image

Hong Kong innovators

Actor and entrepreneur Nicholas Tse looks to boost young local tech industry

Tse wants to help bright young minds have their creations brought to a wider market

PUBLISHED : Thursday, 28 September, 2017, 9:02am
UPDATED : Tuesday, 10 October, 2017, 3:21pm

Hong Kong A-list actor and young entrepreneur Nicholas Tse Ting-fung is inviting bright and original ideas from the city’s young tech enthusiasts, with his new project that aims to help “Hong Kong-created” products to go on the world stage.

Tse said Hong Kong people were too used to making money by speculating on the stock and the property markets and they needed a mindset shift.

Teaming up with a group of funds and local organisations that promote innovation and technology, Tse said they would guide the young people step by step to turn their ideas into products that sell in China and beyond.

Actor Nicholas Tse teams up with Digital Domain to create content, special effects studio

The movie star and entrepreneur surprised the 300-strong audience with the unexpected announcement of his new project at a seminar on innovation on Wednesday where he had been expected to share the secrets of his business success.

Tse, a pop singer and movie actor, ventured into the business world by founding Post Production in 2003. The company provides special effects and animation services on films, TV shows, music videos and advertisements, as well as internet and mobile applications content.

Last year, Digital Domain Holdings, which operates the world’s biggest independent special-effects company, partnered with Tse, through the acquisition of his business and he became chairman of the newly created company called DDPO, a subsidiary of Digital Domain.

Tse said Hong Kong had lagged behind the world in innovation.

“From today, I along with [the funds] will open a panel to receive your ideas. Your ideas, coupled with our ways [of making things successful], will turn your dreams into products. Step by step, we shall make it come true,” Tse addressed the audience, mainly comprised of young people.

“Your ideas, coupled with our ways [of making things successful], will turn your dreams into products. Step by step, we shall make it come true”

“We shall filter your ideas. If we think an idea is feasible, we shall try to turn that idea into a product. And I will follow it up. I will help promote it by using the product in my shows ... there is chance to make it a successful business.”

He urged young people not to be afraid of failure, but try to conquer anything that failed them.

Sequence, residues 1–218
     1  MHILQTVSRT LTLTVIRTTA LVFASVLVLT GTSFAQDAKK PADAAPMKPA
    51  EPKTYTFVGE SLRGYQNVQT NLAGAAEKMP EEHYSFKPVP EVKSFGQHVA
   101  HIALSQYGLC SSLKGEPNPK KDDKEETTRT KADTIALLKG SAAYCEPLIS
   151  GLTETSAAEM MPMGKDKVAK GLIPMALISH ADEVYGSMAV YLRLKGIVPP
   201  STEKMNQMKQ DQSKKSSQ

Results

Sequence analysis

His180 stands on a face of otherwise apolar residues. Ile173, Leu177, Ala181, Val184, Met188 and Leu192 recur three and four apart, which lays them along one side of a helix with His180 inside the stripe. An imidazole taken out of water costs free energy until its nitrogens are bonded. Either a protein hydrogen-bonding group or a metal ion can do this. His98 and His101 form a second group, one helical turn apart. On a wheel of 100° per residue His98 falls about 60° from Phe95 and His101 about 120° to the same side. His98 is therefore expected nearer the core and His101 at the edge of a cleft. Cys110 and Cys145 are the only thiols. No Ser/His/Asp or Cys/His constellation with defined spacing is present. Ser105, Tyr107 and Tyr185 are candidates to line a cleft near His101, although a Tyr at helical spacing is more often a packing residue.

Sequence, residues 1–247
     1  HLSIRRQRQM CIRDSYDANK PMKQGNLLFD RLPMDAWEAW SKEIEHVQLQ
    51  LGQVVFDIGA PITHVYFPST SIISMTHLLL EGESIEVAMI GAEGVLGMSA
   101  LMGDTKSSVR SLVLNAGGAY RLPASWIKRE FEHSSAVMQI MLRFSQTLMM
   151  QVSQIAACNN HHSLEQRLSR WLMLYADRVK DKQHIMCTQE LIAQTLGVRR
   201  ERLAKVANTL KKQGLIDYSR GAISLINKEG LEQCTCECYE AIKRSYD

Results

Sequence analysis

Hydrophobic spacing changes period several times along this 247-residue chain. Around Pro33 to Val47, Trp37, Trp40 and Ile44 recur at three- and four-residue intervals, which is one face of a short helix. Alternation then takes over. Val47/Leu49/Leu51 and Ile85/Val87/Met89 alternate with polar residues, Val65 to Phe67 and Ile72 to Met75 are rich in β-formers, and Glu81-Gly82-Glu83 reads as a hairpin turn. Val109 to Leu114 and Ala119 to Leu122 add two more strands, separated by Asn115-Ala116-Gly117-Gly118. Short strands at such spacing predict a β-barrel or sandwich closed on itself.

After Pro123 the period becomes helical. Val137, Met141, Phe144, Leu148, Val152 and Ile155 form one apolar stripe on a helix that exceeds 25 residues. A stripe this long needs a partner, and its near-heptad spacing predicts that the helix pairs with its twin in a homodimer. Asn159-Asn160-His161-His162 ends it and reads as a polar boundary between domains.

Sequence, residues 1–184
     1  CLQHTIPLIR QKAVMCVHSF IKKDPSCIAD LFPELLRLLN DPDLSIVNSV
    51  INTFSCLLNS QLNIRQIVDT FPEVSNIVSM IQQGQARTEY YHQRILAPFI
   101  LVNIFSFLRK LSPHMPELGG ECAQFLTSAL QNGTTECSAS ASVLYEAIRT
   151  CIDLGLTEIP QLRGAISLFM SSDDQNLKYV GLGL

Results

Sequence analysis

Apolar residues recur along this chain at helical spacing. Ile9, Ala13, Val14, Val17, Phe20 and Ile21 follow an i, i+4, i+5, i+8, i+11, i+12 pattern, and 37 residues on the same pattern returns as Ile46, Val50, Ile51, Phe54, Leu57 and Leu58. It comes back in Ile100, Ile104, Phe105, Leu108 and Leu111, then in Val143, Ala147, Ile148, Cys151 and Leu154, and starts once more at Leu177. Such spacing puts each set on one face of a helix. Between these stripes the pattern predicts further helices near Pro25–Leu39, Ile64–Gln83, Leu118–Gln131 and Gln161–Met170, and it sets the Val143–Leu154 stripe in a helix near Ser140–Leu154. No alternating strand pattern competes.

He shared his secret of success: “I hate to find that there is something that I can’t manage to succeed in. So, in whatever sector, I want to become the number one.”

A spokesman for Tse said the project was in planning stages and additional information was unavailable at this stage.

Hong Kong’s ailing film industry can play a leading role in a hi-tech economy

Co-sponsoring Tse’s scheme will include Hong Kong X, Alibaba Entrepreneurs Fund, Cocoon, Tuspark Global Network, PMQ, Cyberport, and Hong Kong Science and Technology Parks Corporation.

Alibaba Entrepreneurs Fund was founded by Alibaba Group, which owns the South China Morning Post.

During his 60-minute Steve Jobs-style address, Tse said Hong Kong people did not like to invest time in research and development.

“I think it is because we are too good at speculating stocks, property ... so, why would we bother to invest time in research and technology?

“We are too often told that our country has 1.3 billion people and so long as each one of them give you HK$1, you will get rich. Why should we bother to think of innovation?

“We can’t afford to think that way now. That was before. Now you have to be creative, be original.

“We have to make something of our own, something original,” said Tse.

“With technology, everything is possible now,” said Tse. He recalled the days when he a newcomer in the movie industry in the 1990s, films were shot at 24 frames per second, which translated into a cost of about HK$60 for each second of image.

“Now films are not used. Everything is stored in a memory card, which you can erase and then reuse, and thus saving much cost.”

Tse cited Finland, where the population is smaller than that of Hong Kong, but it made Nokia phones that dominated the world market for most of the late 1990s and early 2000s.

“Finland’s population is smaller than that of Hong Kong. But they had Nokia. So, do we have any excuse? No,” Tse told his audience.

Tse’s session was among a highlight at this year’s InnoTech Expo, organised by Our Hong Kong Foundation, which is being held at the Hong Kong Convention and Exhibition Centre until next Monday.

Our Hong Kong Foundation chairman, Tung Chee-hwa, who was also among the audience in Tse’s session, praised Tse as a role model of Hong Kong’s young people.

Tung, Hong Kong’s first leader after the city’s return to Chinese rule in 1997, is now a vice-chairman of the Chinese People’s Political Consultative Conference, the nation’s top political advisory body.